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Apple Settles Lawsuit With One Tiger Leak Defendant

Apple Settles Lawsuit With One Tiger Leak Defendant

by , 5:00 PM EST, March 23rd, 2005

Apple has settled a lawsuit with one of three defendants it sued for distributing developer versions of Mac OS X 10.4 Tiger, the company said Wednesday.

Doug Steigerwald, a student and Apple Developer Connection member at the time, was sued in December 2004 after Apple determined that he was the source for pre-release copies of Mac OS X 10.4 Tiger that were floating around various BitTorrent file sharing sites.

"While Apple will always protect its innovations, it is not our desire to send students to jail," said Apple spokesman Steve Dowling. "We are pleased that Mr. Steigerwald has taken responsibility for his actions and that we can put this lawsuit behind us."

As part of the settlement, Mr. Steigerwald will pay an undisclosed sum to Apple and said he will not discuss the details of the case. Mr. Steigerwald also revealed that he is the subject of a criminal investigation by the U.S. Attorney's office and said he is "working toward a resolution with the federal government."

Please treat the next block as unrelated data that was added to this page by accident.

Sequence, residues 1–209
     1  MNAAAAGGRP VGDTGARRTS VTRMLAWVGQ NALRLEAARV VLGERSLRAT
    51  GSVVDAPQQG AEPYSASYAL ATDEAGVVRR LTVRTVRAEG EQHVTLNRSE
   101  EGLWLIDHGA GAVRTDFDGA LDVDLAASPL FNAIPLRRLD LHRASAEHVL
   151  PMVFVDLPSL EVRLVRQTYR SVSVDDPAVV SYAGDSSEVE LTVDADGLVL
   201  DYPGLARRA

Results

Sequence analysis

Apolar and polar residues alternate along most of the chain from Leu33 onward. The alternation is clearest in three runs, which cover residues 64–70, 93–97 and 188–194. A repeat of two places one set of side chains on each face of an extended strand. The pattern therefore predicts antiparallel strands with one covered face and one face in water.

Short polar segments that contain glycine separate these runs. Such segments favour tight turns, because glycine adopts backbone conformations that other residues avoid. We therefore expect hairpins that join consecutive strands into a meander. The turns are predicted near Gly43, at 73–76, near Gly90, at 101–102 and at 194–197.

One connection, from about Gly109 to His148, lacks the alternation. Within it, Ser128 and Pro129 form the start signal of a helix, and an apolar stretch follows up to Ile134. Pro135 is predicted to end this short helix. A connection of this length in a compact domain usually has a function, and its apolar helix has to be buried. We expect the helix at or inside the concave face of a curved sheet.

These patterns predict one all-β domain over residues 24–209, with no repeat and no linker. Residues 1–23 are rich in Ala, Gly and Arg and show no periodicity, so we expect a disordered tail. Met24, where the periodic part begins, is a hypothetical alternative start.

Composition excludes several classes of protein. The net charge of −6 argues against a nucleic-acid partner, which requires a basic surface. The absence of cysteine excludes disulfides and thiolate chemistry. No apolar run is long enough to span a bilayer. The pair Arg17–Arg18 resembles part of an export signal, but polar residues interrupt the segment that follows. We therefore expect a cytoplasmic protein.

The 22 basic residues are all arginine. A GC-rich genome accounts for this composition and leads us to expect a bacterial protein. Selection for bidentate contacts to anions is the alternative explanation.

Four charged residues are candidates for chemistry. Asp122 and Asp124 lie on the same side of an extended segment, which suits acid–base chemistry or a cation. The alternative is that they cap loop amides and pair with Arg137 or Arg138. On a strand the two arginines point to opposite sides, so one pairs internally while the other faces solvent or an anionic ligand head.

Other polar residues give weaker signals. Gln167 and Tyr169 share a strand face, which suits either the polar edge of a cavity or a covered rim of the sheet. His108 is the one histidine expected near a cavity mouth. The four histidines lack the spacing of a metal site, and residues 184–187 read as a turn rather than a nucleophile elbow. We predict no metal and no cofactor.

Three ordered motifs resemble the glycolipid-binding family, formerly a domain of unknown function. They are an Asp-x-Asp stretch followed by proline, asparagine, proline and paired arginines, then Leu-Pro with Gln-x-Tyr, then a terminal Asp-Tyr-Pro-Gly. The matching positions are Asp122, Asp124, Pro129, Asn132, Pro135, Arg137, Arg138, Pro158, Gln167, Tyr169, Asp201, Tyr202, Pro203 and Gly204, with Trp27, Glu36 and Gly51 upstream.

"I disseminated it [Mac OS X 10.4 Tiger] over the internet and thousands of unauthorized copies of Apple's software were illegally distributed to the public," Mr. Steigerwald said in a statement. "As a result, Apple sued me for copyright infringement and trade secret misappropriation. All of the claims regarding me in Apple's complaint are true.

"Although I did not mean to do any harm, I realize now that my actions were wrong and that what I did cause substantial harm to Apple, and for that I am truly sorry. I am grateful for the chance to resolve this lawsuit and move on with my life, and hope that any publicity generated by this lawsuit discourages others from making the same mistake as I did."

Apple said it had no comment on the other two defendants in the lawsuit, Vivek Sambhara and David Schwartzstein.

In February, Apple co-founder Steve Wozniak threw his support behind the students in the case, saying in a blog posting regarding Mr. Sambhara: "This is an unintentional oversight and the interviewed student appears to be one of the most honest people on this planet. I have to question who is most right in this case. I wish that Apple could find some way to drop the matter. In my opinion, more than appropriate punishment has already been dealt out. In this age of professional spammers and telemarketers making fortunes, we're misusing our energies to pursue these types of small time wrongdoers. I will personally donate $1,000 to the Canadian student's defense."

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